Myself, Zander Buchan Jones, Thomas Mence, Pia Pack and Victoria Walters will be exhibiting recent work in our MA Fine Art Interim Exhibition at Dartmouth Avenue, Bath School of Art & Design. Private view 6 June 2015 from 3pm-5pm. The show runs until 10 June 2015. Please do come, all welcome.
I went with a group of students from Bath Spa University and The Royal Academy London to The Simon Lee Gallery in London to meet artist Dexter Dalwood, to talk about the meaning behind his London Paintings Exhibition. He said it is about finding a language for what you are interested in.
From this visit I learnthis work; is imagery about a place, a little like but not really. It is an alternative vision-not sights of London, a shift from the obvious to something else. London Paintings are a series of work over 2 years. He talked about his theme of London as a subject and his time spent in it and about other painters who have painted London before.
I always struggle with putting a title to my work, Dexter made an interesting comment that his titles do not have a direct connection.
Jeremy Gardiner Jurassic Coast exhibition at Victoria Art Gallery Bath is a really interesting exhibition where the artist shares his process, methods and influences. Well worth a visit and is on until 1st March.
Gardiner portrays the Jurassic coastline in a series of paintings and mono prints. He walks through the landscape making studies and sketches. He remembers the time or place, without physically being there enabling him to capture its essence.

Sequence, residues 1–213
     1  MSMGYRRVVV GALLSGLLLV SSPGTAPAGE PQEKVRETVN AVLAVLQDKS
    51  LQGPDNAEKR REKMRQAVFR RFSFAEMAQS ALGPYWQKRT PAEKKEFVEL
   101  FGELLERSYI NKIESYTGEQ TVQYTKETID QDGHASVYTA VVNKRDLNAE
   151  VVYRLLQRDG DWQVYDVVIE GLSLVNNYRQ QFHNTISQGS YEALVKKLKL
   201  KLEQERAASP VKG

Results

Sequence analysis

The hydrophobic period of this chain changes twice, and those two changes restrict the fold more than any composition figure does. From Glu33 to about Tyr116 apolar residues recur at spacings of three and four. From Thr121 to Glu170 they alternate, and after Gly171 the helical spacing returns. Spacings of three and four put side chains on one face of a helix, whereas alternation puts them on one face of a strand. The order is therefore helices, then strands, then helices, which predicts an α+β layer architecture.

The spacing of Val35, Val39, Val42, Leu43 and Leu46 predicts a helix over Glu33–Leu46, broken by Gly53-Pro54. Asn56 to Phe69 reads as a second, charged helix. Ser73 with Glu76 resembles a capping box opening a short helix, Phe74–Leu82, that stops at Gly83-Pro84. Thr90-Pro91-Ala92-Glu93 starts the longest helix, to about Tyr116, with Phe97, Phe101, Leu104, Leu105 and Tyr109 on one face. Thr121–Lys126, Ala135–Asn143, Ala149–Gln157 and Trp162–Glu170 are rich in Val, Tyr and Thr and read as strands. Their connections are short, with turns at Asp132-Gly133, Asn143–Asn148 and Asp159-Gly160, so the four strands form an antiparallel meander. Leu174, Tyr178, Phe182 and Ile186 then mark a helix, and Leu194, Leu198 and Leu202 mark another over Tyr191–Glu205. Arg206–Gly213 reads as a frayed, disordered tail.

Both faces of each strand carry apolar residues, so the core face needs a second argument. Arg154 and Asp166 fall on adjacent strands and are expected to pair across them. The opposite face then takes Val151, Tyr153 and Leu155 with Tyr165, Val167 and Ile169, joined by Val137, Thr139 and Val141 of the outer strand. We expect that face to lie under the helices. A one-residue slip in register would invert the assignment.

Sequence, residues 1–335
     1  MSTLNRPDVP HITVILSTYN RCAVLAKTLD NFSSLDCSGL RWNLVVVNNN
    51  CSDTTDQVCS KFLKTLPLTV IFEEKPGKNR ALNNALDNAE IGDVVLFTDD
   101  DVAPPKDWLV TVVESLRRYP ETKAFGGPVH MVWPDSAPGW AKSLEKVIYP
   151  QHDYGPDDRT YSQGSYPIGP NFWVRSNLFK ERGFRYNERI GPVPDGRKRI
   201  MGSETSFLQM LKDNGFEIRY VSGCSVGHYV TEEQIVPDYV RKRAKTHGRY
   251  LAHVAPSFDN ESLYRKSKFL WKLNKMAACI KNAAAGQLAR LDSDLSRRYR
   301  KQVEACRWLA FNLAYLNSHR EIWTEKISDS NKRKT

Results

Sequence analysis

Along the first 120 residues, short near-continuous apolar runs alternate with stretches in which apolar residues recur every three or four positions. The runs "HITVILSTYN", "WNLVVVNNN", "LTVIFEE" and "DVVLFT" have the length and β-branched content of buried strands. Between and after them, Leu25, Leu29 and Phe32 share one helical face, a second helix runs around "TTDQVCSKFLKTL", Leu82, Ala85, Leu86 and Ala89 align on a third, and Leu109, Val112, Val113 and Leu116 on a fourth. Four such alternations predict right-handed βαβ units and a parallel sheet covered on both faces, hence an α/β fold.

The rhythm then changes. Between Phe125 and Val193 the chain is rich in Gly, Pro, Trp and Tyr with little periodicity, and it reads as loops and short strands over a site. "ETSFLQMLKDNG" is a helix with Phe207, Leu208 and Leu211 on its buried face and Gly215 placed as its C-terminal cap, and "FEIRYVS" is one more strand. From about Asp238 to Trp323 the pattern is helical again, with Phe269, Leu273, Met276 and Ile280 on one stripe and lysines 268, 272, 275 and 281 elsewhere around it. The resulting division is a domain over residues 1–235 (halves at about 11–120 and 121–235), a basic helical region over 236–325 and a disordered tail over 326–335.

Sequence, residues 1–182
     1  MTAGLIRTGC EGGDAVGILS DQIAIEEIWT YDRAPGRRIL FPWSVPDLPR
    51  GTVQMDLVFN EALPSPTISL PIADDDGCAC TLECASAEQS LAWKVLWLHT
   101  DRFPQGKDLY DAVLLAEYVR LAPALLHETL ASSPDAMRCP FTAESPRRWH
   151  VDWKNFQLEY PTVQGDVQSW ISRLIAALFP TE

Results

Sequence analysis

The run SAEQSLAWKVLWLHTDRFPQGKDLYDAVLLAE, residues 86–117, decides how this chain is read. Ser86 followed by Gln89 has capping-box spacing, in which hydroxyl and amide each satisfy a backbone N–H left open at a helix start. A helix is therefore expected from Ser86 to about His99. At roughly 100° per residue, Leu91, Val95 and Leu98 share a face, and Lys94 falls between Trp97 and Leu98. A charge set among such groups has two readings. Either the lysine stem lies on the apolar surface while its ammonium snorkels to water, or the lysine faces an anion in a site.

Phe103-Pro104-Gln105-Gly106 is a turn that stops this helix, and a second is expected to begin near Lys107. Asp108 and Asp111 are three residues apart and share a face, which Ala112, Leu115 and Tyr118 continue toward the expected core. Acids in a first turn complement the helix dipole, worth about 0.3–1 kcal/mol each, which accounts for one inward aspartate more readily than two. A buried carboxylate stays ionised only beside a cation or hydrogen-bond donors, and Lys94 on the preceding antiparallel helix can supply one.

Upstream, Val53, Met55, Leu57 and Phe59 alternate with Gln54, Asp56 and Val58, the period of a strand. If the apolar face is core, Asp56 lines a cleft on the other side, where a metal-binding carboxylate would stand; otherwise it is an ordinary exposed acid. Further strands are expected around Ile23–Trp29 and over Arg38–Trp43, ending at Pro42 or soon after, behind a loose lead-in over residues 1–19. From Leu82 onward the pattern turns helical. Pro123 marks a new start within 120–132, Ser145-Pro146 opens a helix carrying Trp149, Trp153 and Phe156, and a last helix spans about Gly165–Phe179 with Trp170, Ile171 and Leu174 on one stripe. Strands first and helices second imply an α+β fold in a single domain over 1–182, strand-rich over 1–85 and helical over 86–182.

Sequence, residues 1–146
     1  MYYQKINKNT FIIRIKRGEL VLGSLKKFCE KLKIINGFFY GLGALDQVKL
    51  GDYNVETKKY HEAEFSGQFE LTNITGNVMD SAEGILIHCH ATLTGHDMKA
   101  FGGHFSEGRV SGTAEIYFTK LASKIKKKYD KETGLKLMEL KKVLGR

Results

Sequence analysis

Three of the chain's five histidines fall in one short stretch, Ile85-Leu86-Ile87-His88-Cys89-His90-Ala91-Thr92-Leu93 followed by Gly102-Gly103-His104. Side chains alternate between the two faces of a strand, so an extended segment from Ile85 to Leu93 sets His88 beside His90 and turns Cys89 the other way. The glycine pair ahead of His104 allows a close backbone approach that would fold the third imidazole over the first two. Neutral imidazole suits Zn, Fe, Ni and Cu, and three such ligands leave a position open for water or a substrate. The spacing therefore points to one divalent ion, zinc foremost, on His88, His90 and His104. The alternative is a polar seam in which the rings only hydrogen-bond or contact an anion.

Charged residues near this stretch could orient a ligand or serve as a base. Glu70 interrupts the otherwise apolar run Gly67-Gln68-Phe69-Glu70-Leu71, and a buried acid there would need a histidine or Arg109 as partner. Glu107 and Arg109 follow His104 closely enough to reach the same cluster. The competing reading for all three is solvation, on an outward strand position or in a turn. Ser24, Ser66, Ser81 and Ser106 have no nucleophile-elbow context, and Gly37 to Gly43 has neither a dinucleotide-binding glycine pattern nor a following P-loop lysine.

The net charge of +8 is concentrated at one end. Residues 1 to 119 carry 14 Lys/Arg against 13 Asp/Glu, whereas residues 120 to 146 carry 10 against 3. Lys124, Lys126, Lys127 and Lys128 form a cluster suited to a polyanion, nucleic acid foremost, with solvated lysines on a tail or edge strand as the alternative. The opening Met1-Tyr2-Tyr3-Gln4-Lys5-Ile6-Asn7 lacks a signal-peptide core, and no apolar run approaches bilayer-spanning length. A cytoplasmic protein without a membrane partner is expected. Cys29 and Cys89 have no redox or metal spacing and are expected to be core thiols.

The exhibition starts with a series of framed mono prints, Gardiner refers to these as a downward slice through the landscape, representing layers of geological time.
Jeremy Gardiner. Framed mono prints. Victoria Art Gallery Bath.
Gardiner’s influences are John Piper, Graham Sutherland and Paul Nash, 1940 British Neo Romantic painters.
Ideas from the exhibition: painting on birch and popular panels, flat area of colour alongside textured areas, an uneven edge is interesting and to layer up wood to paint on.
Gardiner’s process is to collect fossils, which occur in the work. He maps patterns of information into his paintings by using collaged shapes as a relief overlapping to give a sense of a multiple view.
I recommend a visit to the Jerwood Drawing Prize 2014 The Wilson Gallery at Cheltenham Museum & Art Gallery. This is the first time The Wilson Gallery has shown the Jerwood Drawing Prize, it travelled from Jerwood Visual Arts Centre in London. I found it interesting seeing the exhibition shown in a different venue. I think the venue changes how the exhibition is viewed, the space, building, layout and location give a different feel and meaning to the work.
I think the exhibition raises questions about drawing. What is drawing? This is the first time a sound piece has been a winner. I was interested to see a paper cut was selected for the show representing another form of drawing. I noticed there is an element of the unfinished and space in many of the works, part drawing, part painting in oils or watercolour, minimal and the composition often going off the page. The works are ambiguous, alternative even the representational drawings offer something different. The perspective of a pencil drawing looking up a tree and the pencil drawing of an interior turned upside down.
I recommend a visit to Victoria Art Gallery Bath to see Edwina Bridgeman Ship of Fools Exhibition.